The community element of sectional title schemes requires that the body corporate must maintain the common property (while owners must each maintain their section). it is important to note that no section owner can exclusively own common property, and that the owners of all sections in the scheme jointly own all the common property in undivided shares proportionate to their participation quotas (“PQ”). Therefore it important to establish which parts of the scheme form part of common property.
The sectional plan and common property
Copies of the registered sectional plans may be made at the local Deeds Registry Office, or obtained from the local Surveyor General. The sectional plan for the scheme must accurately identify and clearly show the boundaries of the common property and the sections in the scheme. The boundaries of a section are usually represented by solid black lines on the sectional plan. Everything outside the solid lines shown on the sectional plan are common property. This is important as the responsibility to maintain and/or repair will lie with either the body corporate or the owner of a section depending on where the issue is located or who it serves.
What does the legislation say about common property?
Common property is defined in the Sectional Titles Schemes Management Act 8 of 2011 (the “STSM Act”) to mean, in relation to a scheme:
(a) the land included in the scheme;
(b) such parts of the building or buildings as are not included in a section;
(c) and land referred to in section 5(1)(d) of the STSM Act and section 26 of the Sectional Titles Act 95 of 1986 (“the ST Act”).
What does this mean?
In both the ST Act and the STSM Act ‘‘land’’ means “the land comprised in a scheme as shown on a sectional plan.”
Simply put, the common property includes all the land and those parts of the buildings that are not included in the sections. One or more pieces of land can make up one schemes, and where there are two or more pieces of land they do not need to be located next to each other. The building(s) to be divided into sections bust be located on the same piece of land or must be notarially tied in the Deeds Registries Office.
Land and outer portions of building
Common property therefore includes the land and all the outer portions (outer part from median line of the floors, walls and ceilings) of the building including:
• the basement and foundations;
• the attic and roof;
• stairwells and elevators;
• communal utility rooms such as foyers, storerooms and laundromats;
• gardens, patios and balconies;
• recreational amenities such as club houses, tennis courts and swimming pools; scheme boundary walls;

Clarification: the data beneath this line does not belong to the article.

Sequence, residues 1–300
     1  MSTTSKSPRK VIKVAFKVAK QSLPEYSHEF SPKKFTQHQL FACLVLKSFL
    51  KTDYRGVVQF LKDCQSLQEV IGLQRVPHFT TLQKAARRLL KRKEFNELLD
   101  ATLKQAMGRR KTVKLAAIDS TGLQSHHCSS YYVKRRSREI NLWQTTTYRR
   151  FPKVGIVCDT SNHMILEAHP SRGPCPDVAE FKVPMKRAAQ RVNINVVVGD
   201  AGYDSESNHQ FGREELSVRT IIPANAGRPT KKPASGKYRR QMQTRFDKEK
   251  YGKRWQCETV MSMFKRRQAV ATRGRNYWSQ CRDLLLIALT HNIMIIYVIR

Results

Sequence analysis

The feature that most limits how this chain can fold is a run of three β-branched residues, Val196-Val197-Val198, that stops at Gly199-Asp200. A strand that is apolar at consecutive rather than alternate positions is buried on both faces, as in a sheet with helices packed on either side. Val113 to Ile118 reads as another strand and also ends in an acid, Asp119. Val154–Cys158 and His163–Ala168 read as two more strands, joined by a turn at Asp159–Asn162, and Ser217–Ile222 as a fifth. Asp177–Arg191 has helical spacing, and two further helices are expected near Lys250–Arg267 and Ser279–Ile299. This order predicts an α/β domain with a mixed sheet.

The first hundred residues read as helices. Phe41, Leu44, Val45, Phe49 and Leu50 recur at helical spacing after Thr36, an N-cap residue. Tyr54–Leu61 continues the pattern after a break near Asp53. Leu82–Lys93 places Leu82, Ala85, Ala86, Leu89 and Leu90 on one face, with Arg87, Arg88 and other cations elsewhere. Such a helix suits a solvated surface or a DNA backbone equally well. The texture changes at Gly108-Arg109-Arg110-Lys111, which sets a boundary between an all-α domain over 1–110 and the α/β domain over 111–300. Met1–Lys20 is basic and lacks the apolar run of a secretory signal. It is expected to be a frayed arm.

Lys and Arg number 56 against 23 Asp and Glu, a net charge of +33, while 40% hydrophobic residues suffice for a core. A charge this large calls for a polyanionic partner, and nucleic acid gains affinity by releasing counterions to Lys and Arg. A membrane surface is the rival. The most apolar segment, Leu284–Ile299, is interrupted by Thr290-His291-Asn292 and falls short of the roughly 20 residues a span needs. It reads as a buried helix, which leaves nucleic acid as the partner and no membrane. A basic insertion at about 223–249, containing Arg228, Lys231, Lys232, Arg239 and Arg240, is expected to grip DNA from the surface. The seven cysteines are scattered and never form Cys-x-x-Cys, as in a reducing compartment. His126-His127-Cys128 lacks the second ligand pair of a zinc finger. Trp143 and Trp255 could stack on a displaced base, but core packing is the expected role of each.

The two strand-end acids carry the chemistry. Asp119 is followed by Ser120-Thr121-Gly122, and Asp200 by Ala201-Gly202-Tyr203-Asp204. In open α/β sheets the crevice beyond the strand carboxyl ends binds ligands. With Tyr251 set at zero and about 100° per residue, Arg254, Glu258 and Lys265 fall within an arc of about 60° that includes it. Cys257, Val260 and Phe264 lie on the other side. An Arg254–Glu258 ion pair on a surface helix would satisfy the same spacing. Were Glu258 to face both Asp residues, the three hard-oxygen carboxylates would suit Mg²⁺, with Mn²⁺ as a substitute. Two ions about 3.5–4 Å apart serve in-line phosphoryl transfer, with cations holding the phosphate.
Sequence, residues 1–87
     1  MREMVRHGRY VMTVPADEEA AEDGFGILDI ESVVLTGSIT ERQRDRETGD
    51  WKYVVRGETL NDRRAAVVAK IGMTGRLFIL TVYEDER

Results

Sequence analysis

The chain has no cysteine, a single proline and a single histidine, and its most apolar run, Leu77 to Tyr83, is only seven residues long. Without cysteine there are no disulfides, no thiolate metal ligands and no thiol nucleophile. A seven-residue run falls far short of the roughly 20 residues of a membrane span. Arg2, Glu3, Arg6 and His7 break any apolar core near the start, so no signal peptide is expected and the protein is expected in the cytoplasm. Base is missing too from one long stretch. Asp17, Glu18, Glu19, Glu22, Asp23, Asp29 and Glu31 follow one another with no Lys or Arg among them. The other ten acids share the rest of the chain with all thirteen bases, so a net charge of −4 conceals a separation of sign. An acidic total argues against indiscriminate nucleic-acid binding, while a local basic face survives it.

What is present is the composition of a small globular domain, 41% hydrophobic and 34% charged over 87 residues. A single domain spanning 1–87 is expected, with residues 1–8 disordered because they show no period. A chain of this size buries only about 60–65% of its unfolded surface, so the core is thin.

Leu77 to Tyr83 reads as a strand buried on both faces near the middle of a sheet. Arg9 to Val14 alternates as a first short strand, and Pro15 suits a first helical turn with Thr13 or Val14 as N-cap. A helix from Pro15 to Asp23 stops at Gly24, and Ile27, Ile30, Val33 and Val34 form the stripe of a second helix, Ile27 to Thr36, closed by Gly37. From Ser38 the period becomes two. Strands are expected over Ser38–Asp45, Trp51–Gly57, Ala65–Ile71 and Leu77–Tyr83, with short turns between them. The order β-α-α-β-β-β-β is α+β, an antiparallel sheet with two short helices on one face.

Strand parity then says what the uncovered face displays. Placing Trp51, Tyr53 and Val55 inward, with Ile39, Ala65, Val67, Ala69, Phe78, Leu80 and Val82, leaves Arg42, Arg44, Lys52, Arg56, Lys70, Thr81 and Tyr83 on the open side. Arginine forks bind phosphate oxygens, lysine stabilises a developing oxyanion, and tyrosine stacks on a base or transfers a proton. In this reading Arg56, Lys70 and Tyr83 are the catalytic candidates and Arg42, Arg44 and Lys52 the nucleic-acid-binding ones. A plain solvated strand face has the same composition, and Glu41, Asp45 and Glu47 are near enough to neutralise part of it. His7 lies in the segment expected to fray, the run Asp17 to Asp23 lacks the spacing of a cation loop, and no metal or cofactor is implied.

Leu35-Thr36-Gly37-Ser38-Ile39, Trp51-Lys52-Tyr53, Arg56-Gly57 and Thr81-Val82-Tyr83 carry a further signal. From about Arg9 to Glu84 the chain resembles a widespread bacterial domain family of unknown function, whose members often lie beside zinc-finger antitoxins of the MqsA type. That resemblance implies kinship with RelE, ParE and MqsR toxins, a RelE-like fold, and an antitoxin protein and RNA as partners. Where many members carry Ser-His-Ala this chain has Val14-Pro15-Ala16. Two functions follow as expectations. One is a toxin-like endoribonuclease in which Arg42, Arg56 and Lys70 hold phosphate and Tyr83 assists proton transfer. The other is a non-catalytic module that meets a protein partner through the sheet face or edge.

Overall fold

• entrance gates and driveways;
• parking bays and garages that are not shown as sections on the sectional plan.
Common property includes most of the utility infrastructure such as:
- pipes, wires and ducts;
- plant, machinery, fixtures and fittings, equipment used in connection with the common property and sections;
- separate meters used in connection with supplying and recording services of water, electricity, internet and data connectivity;
- telephone lines and tv connection;
- gas and air conditioning;
- sewerage, drainage and garbage disposal to the common property and sections.
The exception to the rule is that owners are responsible for utility infrastructure that is/are located within their section and serve only their section. Furthermore, the geyser that supplies a section with hot water must be maintained by the owner of the section it supplies, irrespective of where it is located, and If the system supplies more than one section, the owners of those sections share the responsibility and costs.
The STSM Act empowers the body corporate to purchase, hire or otherwise acquire movable property for the use of owners for their enjoyment or protection, or in connection with the enjoyment or protection of the common property. These assets will need to be maintained by the body corporate. Some examples of movables include furniture and office equipment for reception or office area; pool furniture for use around a common property swimming pool; a generator; a pump and storage cylinder for a borehole; gardening equipment; or gym equipment.
While most of the utility infrastructure and the movables are the body corporate’s responsibility to maintain, it is not considered common property, but rather infrastructure that is used in connection with the enjoyment or protection of the common property.
Written by Dr. Carryn Melissa Durham of Stratafin